Economist: Vaccination most effective in areas with the fewest infections
We’ll get the greatest benefit from each vaccine dose if the vaccine is first given in areas with little infection, says researcher. Norway, for example, is in a far better situation than the United States to get the maximum utility from each vaccine dose.
Elderly people over 65 and those who are in the risk groups for a serious course of COVID 19 will receive the first vaccine doses that will be shipped to Norway, Norway’s Minister of Health said on 4 December.
The Norwegian Institute of Public Health (NIPH) and the government have thus chosen to follow the advice of the government’s ethics committee, which believes that life and health should be given the highest priority.
The first vaccines will thus be distributed equally to municipalities based on the proportion of people over 65 years. Residents of nursing homes will be given priority. Healthcare professionals will then be offered the vaccine.
The government has also said it may give priority to areas where the infection has spread widely. But this is a bad idea, according to Eric Nævdal, a social economist and researcher at the Frisch Centre.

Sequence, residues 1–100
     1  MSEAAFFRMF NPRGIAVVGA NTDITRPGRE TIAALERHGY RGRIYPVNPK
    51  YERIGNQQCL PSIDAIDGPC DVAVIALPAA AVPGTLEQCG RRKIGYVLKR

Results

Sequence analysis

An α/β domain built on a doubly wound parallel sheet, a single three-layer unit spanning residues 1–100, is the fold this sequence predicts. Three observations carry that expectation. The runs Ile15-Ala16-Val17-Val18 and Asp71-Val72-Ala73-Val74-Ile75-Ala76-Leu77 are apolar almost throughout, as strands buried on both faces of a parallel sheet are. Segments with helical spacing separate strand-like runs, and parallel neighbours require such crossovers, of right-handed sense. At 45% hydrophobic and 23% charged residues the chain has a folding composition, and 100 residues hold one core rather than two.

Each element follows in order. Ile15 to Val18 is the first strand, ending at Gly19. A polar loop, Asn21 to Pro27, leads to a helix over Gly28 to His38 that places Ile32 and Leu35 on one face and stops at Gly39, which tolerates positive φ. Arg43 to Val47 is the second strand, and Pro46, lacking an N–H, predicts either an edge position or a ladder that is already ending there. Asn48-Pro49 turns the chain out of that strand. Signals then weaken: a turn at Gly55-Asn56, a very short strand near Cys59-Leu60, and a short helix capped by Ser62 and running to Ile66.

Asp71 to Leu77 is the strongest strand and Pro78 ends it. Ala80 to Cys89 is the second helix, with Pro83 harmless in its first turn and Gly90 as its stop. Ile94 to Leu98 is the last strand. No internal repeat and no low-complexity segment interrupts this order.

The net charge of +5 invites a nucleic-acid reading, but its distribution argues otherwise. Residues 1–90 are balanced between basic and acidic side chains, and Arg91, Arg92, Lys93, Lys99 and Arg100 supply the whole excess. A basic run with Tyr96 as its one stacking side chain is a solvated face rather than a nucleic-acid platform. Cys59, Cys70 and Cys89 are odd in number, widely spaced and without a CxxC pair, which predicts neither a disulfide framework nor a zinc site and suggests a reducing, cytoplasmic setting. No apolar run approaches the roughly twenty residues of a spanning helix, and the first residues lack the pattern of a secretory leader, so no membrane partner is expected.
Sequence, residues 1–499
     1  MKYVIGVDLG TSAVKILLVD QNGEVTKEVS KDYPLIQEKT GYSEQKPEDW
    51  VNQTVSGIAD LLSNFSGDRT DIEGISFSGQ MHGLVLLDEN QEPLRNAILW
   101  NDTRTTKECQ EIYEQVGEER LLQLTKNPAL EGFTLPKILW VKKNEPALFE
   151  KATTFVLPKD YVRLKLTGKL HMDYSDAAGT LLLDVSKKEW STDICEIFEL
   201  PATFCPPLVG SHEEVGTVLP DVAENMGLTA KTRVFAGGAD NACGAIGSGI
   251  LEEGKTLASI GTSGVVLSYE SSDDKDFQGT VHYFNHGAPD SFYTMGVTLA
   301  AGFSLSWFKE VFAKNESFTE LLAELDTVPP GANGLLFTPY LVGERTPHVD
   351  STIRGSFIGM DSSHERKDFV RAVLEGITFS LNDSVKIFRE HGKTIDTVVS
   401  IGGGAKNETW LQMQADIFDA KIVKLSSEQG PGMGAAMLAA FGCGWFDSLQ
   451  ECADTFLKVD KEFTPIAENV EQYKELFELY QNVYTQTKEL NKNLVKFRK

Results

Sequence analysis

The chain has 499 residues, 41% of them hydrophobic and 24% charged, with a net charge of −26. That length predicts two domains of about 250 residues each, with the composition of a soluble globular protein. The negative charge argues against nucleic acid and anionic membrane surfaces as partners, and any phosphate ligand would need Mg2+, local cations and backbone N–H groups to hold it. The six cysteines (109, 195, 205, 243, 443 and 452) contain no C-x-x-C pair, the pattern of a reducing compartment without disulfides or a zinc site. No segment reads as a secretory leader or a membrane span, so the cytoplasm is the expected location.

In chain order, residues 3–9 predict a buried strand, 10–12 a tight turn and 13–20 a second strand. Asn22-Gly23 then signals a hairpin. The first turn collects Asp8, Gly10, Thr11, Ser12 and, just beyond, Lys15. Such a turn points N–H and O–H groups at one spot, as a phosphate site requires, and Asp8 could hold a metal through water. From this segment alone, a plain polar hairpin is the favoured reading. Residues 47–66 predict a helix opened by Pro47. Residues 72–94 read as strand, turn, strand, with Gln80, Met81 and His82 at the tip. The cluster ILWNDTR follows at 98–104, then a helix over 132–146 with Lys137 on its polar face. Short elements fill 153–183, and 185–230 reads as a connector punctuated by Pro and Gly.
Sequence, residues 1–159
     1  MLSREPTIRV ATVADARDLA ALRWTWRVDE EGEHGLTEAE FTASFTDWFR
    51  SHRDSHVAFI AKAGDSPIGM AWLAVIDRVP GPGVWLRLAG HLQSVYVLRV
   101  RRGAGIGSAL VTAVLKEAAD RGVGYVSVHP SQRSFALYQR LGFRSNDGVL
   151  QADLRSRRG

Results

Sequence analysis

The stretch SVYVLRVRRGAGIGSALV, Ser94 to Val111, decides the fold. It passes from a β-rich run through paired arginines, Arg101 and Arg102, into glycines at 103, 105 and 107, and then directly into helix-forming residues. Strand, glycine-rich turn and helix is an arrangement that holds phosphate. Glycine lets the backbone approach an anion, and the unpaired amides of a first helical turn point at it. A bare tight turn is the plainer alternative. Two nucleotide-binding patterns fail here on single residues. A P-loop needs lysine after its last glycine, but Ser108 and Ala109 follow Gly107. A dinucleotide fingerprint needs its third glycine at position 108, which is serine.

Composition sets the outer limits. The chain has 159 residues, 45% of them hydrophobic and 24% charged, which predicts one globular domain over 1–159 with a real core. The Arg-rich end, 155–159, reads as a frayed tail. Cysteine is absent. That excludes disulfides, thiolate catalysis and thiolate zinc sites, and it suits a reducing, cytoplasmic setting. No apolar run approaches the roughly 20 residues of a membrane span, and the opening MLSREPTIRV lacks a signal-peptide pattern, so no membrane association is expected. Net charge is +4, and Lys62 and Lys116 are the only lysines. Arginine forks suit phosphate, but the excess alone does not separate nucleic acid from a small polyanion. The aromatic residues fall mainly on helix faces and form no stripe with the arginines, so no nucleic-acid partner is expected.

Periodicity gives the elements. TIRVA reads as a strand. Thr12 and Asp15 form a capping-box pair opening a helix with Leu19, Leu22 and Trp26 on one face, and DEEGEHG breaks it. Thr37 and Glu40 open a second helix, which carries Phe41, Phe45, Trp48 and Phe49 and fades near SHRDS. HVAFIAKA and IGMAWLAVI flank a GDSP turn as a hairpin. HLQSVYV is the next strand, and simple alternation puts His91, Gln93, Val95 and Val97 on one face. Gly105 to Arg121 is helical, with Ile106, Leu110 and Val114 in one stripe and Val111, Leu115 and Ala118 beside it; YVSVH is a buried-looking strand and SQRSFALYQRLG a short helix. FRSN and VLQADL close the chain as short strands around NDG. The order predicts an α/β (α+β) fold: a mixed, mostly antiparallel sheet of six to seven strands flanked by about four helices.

Best effect in areas with the fewest infections
It seems logical to start vaccinating where the spread of the virus is greatest. But Nævdal says the opposite is true.
"Unfortunately, the dynamics of an epidemic are such that things that seem sensible in a normal situation are wrong in an epidemic," Nævdal told sciencenorway.no.
“Vaccines are most useful early in the course of an epidemic, when few people are infected,” he said.
The utility value is calculated on the basis of economic models combined with mathematical models of epidemics, and is based on the premise that vaccines are a scarce resource, but effective at conferring immunity.
“In areas where the infection has spread widely, vaccines will in many cases be given to people who are or have been ill with few or no symptoms and have already acquired immunity. These vaccines are wasted,” he says.
“Also, where few people are or have been infected, each vaccine dose actually protects more people. You thus get the largest reduction in the number of infected individuals per vaccine,” he said.